Twenty-four bucks for a quarter turn

Our washing machine stopped working this week. It wouldn’t proceed to the spin cycle, which meant water didn’t drain. I tried some rudimentary troubleshooting, which led me to believe it was the washer lid switch. I was pretty sure I could figure out how to replace it. Anything more serious, and I’d have to hire someone.

It actually took more time to scoop water from the tub than to replace the part. At least it should have. The ground wire ran to a screw on the underside of the top of the unit, which meant a tight space at an awkward angle. I tried a variety of wrenches and pliers but couldn’t get the grip I needed.

After 30 minutes of frustration, I ran to the hardware store for the right tool. A ratchet socket wrench for $24. I wasn’t thrilled, because that was more than the replacement part, but I wanted to get the project done. Fortunately, it was the perfect fit.

The screw loosened after a quarter turn.

–broken washer lid switch–

And I thought, “a 30-minute round trip and twenty-four bucks for a quarter turn?” And then I concluded, “worth it”. I didn’t have to hire someone, and we could use the washing machine right away. With five people in the house and three dogs, it gets regular use, and we already had some piles.

But Mike, this is a writing blog, not a DIY fix-it website. I guess I better connect this story to writing, eh?

If you’ve spent any time writing, you’ve probably had a similar circumstance. You’re looking to rewrite a sentence and one of the words isn’t quite right. You have a decent vocabulary, so you type and rewrite, type and rewrite. Maybe you even have some tips or tools that usually help. Frustration probably sets in. At some point you grab the thesaurus, searching for the word with the exact nuance you need.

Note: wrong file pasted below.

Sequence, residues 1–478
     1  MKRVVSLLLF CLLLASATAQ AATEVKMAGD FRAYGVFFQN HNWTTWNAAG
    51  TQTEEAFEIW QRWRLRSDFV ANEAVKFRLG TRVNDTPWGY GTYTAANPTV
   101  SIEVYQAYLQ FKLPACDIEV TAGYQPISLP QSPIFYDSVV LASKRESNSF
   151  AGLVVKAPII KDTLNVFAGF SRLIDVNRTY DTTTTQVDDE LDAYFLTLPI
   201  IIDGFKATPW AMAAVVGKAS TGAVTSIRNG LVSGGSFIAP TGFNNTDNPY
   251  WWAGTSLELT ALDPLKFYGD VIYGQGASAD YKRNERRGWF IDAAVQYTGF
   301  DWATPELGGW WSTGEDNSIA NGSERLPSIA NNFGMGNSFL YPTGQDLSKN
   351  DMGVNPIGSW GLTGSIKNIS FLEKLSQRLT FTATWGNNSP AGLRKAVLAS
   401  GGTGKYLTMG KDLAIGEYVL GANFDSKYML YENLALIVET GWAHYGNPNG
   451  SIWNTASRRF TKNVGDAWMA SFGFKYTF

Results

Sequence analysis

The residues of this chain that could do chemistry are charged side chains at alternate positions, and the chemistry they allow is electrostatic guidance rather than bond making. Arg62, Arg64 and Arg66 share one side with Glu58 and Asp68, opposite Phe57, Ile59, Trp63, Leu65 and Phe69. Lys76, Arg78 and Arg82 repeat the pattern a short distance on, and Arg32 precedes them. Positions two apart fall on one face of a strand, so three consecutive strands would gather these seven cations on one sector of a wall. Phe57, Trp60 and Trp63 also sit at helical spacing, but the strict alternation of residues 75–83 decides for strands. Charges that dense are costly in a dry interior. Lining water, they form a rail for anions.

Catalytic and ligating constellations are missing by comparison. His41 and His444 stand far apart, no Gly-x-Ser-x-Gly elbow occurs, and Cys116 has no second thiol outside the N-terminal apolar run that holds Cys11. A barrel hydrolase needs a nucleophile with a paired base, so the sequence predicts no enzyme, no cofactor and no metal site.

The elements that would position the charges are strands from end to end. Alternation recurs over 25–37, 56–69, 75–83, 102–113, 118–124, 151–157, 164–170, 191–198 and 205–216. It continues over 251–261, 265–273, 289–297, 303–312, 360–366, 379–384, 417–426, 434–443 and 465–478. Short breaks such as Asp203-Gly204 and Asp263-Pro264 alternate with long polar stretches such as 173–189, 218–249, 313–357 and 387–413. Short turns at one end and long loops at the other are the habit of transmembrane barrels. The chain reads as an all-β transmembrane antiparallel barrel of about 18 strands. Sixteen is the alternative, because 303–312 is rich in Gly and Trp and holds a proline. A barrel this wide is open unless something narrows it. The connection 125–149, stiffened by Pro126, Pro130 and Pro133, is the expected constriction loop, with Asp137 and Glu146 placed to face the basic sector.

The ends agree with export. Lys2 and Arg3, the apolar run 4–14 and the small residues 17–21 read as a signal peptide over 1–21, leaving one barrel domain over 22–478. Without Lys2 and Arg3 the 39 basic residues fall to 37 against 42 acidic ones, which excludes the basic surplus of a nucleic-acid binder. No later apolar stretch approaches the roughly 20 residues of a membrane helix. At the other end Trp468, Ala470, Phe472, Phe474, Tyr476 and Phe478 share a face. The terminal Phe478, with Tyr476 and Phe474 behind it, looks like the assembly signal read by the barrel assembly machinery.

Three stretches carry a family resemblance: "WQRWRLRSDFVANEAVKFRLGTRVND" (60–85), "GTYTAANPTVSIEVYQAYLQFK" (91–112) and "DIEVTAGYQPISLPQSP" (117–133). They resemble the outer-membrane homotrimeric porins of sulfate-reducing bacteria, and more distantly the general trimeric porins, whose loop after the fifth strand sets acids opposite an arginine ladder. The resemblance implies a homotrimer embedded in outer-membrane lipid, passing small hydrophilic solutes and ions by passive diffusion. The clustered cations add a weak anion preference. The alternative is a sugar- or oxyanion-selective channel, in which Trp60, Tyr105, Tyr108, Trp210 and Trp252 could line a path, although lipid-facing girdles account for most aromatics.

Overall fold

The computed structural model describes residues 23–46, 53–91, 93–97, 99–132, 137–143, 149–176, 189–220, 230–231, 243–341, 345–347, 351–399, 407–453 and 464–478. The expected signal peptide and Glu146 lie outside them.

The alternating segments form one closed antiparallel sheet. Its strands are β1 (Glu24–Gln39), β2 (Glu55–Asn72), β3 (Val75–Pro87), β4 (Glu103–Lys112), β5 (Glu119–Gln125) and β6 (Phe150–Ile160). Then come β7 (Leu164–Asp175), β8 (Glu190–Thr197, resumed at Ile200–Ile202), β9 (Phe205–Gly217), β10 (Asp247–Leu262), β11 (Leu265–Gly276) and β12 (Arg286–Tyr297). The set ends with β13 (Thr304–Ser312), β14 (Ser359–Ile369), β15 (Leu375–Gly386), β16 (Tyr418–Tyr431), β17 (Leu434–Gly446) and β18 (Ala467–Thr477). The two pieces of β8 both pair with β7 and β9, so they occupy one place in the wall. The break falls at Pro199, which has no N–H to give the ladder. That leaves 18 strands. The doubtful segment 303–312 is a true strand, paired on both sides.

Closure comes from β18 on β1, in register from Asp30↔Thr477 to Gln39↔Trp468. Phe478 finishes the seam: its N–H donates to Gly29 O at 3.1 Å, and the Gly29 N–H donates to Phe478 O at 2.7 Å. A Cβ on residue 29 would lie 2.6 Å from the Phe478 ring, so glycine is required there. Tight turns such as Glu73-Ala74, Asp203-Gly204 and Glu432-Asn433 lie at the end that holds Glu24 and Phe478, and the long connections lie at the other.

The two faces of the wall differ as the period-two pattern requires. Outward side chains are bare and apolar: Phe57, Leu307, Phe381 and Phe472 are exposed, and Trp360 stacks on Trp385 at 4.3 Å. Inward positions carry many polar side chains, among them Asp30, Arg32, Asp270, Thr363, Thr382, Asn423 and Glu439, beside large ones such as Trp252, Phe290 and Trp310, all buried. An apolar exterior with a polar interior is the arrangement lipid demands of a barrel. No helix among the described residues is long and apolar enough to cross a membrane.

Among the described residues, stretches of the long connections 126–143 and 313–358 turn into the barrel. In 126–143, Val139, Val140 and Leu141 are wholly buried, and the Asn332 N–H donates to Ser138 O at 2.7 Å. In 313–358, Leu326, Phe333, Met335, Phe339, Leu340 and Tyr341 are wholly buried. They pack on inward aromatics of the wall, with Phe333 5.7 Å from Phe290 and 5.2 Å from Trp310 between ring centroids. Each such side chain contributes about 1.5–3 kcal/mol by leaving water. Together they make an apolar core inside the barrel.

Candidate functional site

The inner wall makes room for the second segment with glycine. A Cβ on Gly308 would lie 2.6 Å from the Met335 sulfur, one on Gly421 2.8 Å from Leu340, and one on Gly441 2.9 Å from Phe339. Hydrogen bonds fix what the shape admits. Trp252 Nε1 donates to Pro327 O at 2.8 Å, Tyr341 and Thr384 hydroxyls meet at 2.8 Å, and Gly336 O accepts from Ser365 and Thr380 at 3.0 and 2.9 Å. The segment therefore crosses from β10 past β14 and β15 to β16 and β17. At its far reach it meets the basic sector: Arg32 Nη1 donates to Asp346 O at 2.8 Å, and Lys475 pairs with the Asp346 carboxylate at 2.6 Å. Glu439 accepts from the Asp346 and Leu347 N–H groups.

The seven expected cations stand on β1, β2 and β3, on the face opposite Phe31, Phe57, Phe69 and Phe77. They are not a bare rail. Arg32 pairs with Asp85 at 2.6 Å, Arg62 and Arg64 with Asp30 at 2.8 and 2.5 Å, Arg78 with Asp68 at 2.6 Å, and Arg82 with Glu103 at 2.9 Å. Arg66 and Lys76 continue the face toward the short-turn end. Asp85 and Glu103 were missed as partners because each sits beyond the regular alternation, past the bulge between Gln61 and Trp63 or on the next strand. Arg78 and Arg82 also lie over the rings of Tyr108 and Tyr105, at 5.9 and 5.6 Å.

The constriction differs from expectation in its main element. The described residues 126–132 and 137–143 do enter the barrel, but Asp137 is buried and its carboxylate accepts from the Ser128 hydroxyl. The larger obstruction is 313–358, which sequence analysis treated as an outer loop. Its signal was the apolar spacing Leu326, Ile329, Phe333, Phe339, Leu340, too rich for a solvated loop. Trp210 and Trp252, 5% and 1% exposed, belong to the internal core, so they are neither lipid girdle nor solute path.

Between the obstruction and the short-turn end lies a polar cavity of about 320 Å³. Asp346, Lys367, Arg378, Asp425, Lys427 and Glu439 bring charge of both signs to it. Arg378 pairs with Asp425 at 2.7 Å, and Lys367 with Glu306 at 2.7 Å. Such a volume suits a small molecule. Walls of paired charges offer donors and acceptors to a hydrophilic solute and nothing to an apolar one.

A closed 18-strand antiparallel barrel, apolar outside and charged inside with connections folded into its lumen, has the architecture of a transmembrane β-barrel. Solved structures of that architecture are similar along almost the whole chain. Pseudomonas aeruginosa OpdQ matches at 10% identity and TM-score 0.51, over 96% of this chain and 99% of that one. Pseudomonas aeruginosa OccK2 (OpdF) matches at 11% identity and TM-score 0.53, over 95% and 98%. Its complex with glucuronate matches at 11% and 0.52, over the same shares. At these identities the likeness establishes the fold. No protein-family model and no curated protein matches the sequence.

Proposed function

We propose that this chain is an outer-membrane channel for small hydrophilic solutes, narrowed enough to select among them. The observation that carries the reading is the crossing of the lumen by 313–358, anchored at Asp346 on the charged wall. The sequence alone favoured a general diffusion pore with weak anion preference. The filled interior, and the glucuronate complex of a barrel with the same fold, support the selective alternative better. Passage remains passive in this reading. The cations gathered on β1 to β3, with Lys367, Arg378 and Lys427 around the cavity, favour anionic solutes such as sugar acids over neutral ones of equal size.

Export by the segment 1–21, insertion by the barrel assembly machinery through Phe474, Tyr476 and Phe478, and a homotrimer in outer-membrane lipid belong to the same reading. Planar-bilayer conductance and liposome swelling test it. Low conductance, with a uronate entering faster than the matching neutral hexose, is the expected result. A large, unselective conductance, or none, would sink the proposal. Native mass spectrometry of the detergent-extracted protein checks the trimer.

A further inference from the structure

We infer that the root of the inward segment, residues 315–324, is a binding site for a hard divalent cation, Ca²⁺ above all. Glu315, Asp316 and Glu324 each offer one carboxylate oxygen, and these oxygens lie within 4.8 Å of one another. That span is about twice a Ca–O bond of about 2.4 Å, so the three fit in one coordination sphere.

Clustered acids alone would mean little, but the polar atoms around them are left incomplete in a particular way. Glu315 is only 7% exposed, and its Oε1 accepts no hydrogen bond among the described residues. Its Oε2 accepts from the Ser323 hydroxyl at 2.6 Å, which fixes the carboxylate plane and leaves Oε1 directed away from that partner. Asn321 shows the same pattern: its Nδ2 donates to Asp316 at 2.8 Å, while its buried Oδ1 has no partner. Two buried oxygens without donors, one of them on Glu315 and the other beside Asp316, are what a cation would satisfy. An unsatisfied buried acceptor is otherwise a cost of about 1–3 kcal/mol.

Blue is too common; azure and cerulean are too fancy. Aquamarine throws off the flow of the sentence. And there it is! Cobalt!

Looking back, it took you 30 minutes to find that perfect word. And without further ado, that job is done. It seems so simple in hindsight, and maybe you chastise yourself because you think you wasted time.

So what’s the message for writers, Mike? Well, I have two. First, I believe we are a different breed, and 30 minutes to find the perfect word is a perfectly acceptable use of our time. We should relish the victory that other people are incapable of enjoying. Hopefully, this assuages any guilt you have the next time you go through a similar situation!

But speaking of 30 minutes, it also can result in something like this post, which brings me to my second point. The title for this post “Twenty four bucks for a quarter turn” literally came to me as I completed that turn and the post pretty much wrote itself after that. Thirty minutes can result in a single word or five hundred. Both are valuable. Writing is a funny thing, isn’t it?

Good luck with your writing!


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© Michael Wallevand, May 2023


Have you tapped into something special?

One never knows. A creative project is an emotional roller coaster filled with self-doubt, self-assurance, and second-, triple-, and quadruple-guessing.